One of the big challenges he faced is something I was talking with Andrew Daga, CEO of Momentum Dynamics Corporation, about a few months ago. His company does induction charging for EVs, with a focus on transit fleets. His insights matched Repta’s. The problems are two-fold. The first is that current bus technology means that fleets have to get about 30% bigger to fulfill the same duty cycle as diesel buses, especially after a few years of reasonable battery degradation. Transit lots were planned for 30% fewer buses and don’t have room to expand. And then there’s the charging problem. There are two paths for charging. The first is at the lot, mostly as overnight charging. That requires significant electrical connection upgrades and those take time. The second is en-route fast charging at various strategic points, but finding chunks of property the size of city buses and then supplying them with sufficient electricity is a challenge.
Daga’s comments to me were in line with that, citing challenges in China, Albuquerque, and Philadelphia. His take is that the problems are “being underreported and misrepresented.” He’s seeing OEM claims of range not being achievable in the real world, with significant resulting problems for transit authorities.
This is compounded by another problem. BC, as with many jurisdictions, has a single monopoly electricity provider, BC Hydro, for most of the province. That means that the new charging infrastructure is all flowing through a single Crown corporation that’s been subject to a fair amount of the typical political pressure to keep rates low over the decades. And that means that it’s not necessarily a fast process to get changes made, especially when there are also massive expansions of electric car charge points at the same time, including from the City’s charging rollout and Chargepoints customers. Last mile upgrades for electric vehicles is non-trivial. It also doesn’t help that BC Hydro doesn’t give Translink the Large General Service rate which is cheapest, but that’s under negotiation as their daily demand is going to go up substantially.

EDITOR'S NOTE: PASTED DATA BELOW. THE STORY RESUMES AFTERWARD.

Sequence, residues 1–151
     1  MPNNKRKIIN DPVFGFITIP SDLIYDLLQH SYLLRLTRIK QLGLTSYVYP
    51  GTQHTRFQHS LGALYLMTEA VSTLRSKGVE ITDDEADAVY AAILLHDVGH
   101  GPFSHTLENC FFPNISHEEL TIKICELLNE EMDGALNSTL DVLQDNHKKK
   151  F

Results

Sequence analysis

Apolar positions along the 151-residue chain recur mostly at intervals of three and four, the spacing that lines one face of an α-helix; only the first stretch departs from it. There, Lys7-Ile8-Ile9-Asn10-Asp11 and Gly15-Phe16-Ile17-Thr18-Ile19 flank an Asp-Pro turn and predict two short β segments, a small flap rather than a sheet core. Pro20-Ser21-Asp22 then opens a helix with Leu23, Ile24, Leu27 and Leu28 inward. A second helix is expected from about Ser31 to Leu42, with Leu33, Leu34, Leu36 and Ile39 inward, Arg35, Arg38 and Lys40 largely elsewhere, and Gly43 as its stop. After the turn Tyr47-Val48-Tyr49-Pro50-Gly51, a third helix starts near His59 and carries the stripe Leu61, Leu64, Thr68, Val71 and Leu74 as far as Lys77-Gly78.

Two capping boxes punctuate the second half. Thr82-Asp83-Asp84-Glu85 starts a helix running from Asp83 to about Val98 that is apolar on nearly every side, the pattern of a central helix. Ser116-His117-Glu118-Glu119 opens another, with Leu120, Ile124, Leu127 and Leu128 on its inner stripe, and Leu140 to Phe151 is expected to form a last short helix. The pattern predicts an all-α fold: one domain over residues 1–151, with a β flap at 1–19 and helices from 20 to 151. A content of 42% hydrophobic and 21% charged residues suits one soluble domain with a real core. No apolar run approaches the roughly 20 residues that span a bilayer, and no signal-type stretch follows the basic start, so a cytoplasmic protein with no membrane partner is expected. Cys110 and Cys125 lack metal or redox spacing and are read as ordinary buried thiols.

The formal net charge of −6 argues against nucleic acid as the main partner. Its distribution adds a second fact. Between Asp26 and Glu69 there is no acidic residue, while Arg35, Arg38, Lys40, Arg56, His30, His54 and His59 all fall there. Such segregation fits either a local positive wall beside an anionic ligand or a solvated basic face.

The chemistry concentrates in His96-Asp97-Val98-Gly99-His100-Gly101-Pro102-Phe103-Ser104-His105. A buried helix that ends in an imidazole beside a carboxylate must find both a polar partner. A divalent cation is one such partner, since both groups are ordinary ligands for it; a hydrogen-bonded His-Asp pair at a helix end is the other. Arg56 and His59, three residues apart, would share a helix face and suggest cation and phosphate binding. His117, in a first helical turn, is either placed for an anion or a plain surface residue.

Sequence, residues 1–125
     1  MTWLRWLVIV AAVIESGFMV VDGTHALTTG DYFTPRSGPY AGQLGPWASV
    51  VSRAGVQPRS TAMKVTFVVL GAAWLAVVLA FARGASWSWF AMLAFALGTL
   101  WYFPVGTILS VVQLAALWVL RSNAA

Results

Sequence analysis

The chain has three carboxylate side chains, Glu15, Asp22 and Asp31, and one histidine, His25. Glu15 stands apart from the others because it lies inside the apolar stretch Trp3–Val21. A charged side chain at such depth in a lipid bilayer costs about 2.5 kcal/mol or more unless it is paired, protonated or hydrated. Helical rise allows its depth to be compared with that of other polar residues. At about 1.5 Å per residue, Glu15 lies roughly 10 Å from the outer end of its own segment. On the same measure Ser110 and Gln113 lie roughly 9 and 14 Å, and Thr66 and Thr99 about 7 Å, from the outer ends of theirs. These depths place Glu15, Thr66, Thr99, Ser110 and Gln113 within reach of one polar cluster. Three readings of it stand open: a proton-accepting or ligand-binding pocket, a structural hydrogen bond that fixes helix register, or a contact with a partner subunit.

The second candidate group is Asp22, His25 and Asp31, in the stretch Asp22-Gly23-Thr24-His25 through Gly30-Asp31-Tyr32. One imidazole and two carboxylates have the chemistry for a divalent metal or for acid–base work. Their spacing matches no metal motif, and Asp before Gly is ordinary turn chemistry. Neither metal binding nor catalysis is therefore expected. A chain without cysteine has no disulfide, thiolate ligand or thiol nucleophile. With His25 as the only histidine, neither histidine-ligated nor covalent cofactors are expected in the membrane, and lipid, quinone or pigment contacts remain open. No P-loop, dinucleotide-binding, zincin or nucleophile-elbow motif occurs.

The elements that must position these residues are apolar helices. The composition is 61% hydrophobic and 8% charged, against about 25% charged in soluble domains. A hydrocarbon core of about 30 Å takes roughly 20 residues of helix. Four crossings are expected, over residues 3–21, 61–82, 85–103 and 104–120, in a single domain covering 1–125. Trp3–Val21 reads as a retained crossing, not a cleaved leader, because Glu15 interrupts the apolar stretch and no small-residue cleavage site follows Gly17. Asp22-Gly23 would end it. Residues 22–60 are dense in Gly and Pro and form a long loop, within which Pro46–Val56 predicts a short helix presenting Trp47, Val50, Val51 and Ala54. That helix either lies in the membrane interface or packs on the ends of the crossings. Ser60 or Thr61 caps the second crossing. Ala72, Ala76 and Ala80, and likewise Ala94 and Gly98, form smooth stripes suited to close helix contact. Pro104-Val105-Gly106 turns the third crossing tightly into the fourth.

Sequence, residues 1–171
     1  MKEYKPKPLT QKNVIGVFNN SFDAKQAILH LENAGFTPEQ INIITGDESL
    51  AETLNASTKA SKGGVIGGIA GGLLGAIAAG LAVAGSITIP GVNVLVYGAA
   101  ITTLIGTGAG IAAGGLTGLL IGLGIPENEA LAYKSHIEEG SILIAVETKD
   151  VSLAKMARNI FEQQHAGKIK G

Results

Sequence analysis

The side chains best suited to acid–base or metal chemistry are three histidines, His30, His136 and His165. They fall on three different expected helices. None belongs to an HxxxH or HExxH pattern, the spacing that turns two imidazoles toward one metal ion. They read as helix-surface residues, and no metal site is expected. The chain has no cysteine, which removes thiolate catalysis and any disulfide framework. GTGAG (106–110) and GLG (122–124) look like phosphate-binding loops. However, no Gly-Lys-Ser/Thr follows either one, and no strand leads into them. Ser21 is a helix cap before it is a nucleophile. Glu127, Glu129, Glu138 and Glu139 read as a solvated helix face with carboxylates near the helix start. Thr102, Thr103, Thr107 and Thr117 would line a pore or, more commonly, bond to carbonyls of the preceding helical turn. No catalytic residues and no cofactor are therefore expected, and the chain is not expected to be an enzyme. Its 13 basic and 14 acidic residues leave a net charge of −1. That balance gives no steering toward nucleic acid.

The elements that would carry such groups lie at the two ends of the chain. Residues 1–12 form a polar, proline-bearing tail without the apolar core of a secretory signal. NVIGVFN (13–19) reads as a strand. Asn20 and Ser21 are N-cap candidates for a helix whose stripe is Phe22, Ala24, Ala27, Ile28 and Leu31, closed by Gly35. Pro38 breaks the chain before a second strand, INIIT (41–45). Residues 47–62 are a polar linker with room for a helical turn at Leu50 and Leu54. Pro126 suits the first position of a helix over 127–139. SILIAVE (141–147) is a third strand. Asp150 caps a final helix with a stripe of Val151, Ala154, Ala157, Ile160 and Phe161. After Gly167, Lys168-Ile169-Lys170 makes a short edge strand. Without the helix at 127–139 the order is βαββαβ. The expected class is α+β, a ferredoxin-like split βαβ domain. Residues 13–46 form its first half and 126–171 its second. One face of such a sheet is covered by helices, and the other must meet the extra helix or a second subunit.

The charging options also mean very different electrical demand profiles. Off-duty charging at lots would have very large peaks, while more distributed charging would be lower. And we are talking MWs of peaks, some coinciding with other demand peaks, so BC Hydro is a key stakeholder in options.
The last point to make is a common challenge for these plans, an individual’s preference for their cars or at least individual four-wheeled vehicles even if provided by a car share service. The organizers used Slido to provide a place for audience questions, and during the Q&A session the questions were visible on the large screen. Two or three were focused on exactly that. One question, even in a climate solutions sessions, asked why cars weren’t more of a priority.
Another asked how all of those electric cars were going to get around. Metro Vancouver consists of a couple of dozen cities and electoral districts with a population of 2.5 million, with multiple river and inlet crossings requiring tunnels and bridges. The outer suburbs are rarely conveniently served by transit for those who want to get into the central business district of Vancouver, with few express transit options. People who can afford it simply drive. And another asked how the roads would be paid for if gasoline taxes went away.
And finally, as I noted in a CleanTechnica piece three years ago, Autonomous Cars Are Likely To Increase Congestion. Regardless of whether individuals or companies own the autonomous vehicles, every point-to-point trip turns into three trips, cars stay on the road after dropping people off downtown instead of being parked, and autonomous vehicles are likely to transit urban intersections much more slowly than human-driven cars, thereby increasing urban congestion even if they reduce highway congestion.
The official plan includes references to mobility pricing to assist with these challenges. After a year of consultation, the report came back with a couple of options earlier this year. The options are charges for congestion points — bridges, tunnels and the downtown core — or a distance-based driving charge. Which one will be selected is to be seen. Will the mobility pricing replace the revenue lost due to gasoline taxes? And does the gasoline tax even cover the cost of roads, as it so rarely does in other jurisdictions.
In all, the transportation segment of the conference was very positive. The plans were clear, detailed and well-aligned with my understanding of leading practices for urban mobility and the innovations in the space. But time is short and these plans are aggressive. Vancouver still lags China on decarbonized transportation in many ways, but is obviously a leader in North America.
Note: In addition to the noted discussions, I’ve reached out to Joanna Clark with additional questions. Should they be forthcoming, the article will be updated.